Human from the moment of conception

The Biology of Prenatal Development
The Biology of Prenatal Development DVD

How many times have you heard it: a fetus is not a baby, a fetus is not a human? I’ve just ordered a DVD, Biology of Prenatal Development and I plan to watch it and then to show it to everybody I know who has ever said this to me. The Biology of Prenatal Development was produced by The Endowment for Human Development, Improving Lifelong Health One Pregnancy at a Time and National Geographic. Free study material on the EHD site “includes the program script, footnotes, bibliography, appendices, and index of terms. Read the script in 92 languages on the site” or as a PDF download in English, Spanish or French. Below are just a few lines from the script that have already caught my eye. Emphasis added in bold is mine.

From Chapter 2, Terminology:

Pregnancy in humans normally lasts approximately 38 weeks[4] as measured from the time of fertilization,[5] or conception,[6] until birth.

During the first 8 weeks following fertilization, the developing human is called an embryo,[7] which means “growing within.”[8] This time, called the embryonic period,[9] is characterized by the formation of most major body systems.[10]

From the completion of 8 weeks until the end of pregnancy, “the developing human is called a fetus,” which means “unborn offspring.” During this time, called the fetal period, the body grows larger and its systems begin to function.[11]

All embryonic and fetal ages in this program refer to the time since fertilization.[12].

The numbers in brackets refer to the footnotes given on the webpage and there are copious notes and quotes given. And, yes, all these stages of development since the time of fertilization refer to the stages of a human in development. A human. Not something that will become a human, but a human already who is not born, but who, if all goes well, will be born. A human who is human already because if he or she was anything else but human, he or she never would be human. Human from beginning to end. Human. H U M A N. It is the height of absurdity to suggest anything else. And science proved this a long time ago. That some who claim to have studied science do not know this or care to admit it is sad.

I haven’t seen this yet, though it came out in 2006. But I am going to watch a video clip from it in just a few minutes. After I watch it, and also after I write tonight’s quota for NaNoWriMo, I’ll write some more about the video.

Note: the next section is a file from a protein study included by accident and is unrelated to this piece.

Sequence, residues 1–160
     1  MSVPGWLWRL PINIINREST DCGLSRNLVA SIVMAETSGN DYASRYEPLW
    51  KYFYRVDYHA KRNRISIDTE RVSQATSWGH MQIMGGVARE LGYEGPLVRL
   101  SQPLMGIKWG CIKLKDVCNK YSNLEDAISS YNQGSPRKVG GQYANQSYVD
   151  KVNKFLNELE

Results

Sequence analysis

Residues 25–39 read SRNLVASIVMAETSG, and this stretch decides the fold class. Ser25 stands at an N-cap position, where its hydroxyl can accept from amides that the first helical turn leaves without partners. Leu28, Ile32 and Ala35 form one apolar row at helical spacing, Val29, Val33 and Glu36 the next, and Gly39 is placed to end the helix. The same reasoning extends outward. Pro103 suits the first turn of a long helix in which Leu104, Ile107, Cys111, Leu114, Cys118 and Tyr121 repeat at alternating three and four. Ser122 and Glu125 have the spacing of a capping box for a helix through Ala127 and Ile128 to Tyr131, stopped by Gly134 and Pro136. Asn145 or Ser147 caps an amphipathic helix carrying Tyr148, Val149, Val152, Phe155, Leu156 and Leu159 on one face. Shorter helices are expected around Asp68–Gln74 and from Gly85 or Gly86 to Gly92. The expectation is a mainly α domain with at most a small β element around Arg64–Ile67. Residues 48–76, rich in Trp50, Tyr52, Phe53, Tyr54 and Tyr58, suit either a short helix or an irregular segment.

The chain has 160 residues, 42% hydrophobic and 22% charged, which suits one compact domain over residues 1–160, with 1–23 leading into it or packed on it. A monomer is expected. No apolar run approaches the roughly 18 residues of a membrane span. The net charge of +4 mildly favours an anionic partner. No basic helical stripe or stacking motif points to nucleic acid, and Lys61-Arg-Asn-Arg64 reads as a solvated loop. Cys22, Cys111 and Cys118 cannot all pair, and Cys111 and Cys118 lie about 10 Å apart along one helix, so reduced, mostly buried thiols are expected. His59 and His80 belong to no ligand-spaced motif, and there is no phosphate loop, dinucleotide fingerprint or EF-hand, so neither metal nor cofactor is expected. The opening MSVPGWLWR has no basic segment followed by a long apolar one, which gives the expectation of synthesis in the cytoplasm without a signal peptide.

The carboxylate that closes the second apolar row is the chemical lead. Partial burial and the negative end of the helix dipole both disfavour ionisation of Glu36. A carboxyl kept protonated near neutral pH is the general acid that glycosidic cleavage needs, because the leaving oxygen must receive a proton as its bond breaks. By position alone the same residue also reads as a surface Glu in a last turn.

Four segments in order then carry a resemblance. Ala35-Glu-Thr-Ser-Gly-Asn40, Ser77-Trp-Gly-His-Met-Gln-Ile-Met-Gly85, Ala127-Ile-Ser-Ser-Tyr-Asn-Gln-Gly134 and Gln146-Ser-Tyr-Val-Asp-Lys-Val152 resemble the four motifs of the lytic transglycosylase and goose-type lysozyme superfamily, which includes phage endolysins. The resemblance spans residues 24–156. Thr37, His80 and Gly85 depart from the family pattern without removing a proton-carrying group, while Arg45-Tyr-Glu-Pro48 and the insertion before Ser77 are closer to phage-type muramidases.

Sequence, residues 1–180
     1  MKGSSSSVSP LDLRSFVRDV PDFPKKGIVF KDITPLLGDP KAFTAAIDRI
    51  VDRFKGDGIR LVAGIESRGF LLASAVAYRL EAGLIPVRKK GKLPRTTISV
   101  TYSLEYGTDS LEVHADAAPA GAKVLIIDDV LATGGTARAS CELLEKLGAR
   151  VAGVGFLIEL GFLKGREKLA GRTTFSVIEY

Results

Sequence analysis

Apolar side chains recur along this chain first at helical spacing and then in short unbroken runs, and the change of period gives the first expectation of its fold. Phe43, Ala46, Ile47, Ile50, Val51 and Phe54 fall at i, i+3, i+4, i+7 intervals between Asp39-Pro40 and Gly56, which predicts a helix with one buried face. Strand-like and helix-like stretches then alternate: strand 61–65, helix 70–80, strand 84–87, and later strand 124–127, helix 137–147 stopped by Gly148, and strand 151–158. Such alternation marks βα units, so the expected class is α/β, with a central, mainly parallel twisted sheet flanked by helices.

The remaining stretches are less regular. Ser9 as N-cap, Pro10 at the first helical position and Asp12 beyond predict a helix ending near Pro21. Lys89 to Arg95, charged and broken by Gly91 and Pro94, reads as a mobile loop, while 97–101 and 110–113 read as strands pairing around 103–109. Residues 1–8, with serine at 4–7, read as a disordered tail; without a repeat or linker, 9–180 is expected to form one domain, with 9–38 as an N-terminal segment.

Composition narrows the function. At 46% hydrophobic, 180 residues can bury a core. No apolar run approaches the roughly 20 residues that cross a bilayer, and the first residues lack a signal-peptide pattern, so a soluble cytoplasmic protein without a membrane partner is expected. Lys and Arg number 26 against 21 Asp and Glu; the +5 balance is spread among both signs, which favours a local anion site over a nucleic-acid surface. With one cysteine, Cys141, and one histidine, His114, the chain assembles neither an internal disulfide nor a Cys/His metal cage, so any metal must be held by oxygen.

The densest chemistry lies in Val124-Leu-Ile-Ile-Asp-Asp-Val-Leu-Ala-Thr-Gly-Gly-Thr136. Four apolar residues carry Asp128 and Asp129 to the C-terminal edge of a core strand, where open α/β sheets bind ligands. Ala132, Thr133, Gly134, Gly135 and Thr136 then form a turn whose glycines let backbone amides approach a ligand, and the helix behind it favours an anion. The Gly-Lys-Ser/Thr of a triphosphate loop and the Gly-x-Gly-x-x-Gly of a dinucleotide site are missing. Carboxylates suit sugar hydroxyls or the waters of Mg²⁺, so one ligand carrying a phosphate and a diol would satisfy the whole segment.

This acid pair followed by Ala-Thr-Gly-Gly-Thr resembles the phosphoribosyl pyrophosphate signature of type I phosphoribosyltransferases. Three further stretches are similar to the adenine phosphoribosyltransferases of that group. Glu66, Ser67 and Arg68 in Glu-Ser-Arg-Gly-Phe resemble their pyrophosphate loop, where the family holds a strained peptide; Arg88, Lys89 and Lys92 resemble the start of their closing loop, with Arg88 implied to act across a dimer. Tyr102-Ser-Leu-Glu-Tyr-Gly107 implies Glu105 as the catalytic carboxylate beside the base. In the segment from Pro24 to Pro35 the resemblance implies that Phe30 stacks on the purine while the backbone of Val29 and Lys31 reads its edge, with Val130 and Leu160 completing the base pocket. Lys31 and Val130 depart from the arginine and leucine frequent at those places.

Learn more about the Biology of Prenatal Development. Buy a copy at EHD. Get the free study materials.

Just found this resource page on the EHD website: What kinds of educators (in participating states) are eligible to receive a free DVD?

* Anatomy & Physiology
* At Risk
* Biology/AP Biology
* Child Care Occupations
* Curriculum Development
* Dropout Prevention
* Early Child Development
* Family & Consumer Science
* GED
* Gifted and Talented
* Head Start/Early Head Start
* Health
* Health Science
* Health Occupations
* Life Science
* Parenting
* Physical Education
* Professional Development
* School Nurse
* Sex Education
* Social Worker
* Substance Abuse

Related department heads & district-level administrators are also eligible. See this page for more.

7 Comments

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  1. Don’t forget that most often it’s not necessarily that the fetus isn’t human, but they say it’s not a “person.” This distinction is important. Essentially, it is Personhood that matters, not humanity (go figure).

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  2. I know. According to the pseudo-science of today, not all humans are persons and not all persons are human. So I would say that humanity and personhood both matter and that they should be synonymous. All humans are persons and all persons are humans. Of course, our legal system, our courts, have decided otherwise. That corporations can be considered human for purposes of lawsuits and such still redounds to the fact that corporations consist of humans bound to each other in a working relationship. (My words, I’m not quoting any legal decision here.)

    That the Supreme Court granted personhood to rocks and trees and mountains and rivers, also for the purpose of lawsuits and representation, is something that boggles my mind. The same Supreme Court that only a few months later denied personhood to preborn humans in the womb. Go figure that!

    (If anyone is interested, you can read up on this stuff by Googling Sierra Club v Morton, Roe V Wade and Doe V Bolton for more.)

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    • They aren’t always counted, as Betty said. It really depends on the court, on the State involved, etc. If the Supreme Court had not ruled back in the 70’s that rocks and trees could be considered as persons but that the preborn could not, who certainly have more claim to the status of personhood than rocks and trees, we would not have to have these conversations, or at least, not so often. I would hope. But the Court did not rule in a responsible sensible way (whatta surprise!), so here we are, having to repeat over and over to folks, all humans are humans and all humans are persons and abortion and euthanasia are murder and we should not murder other humans, other persons. Oy ve.

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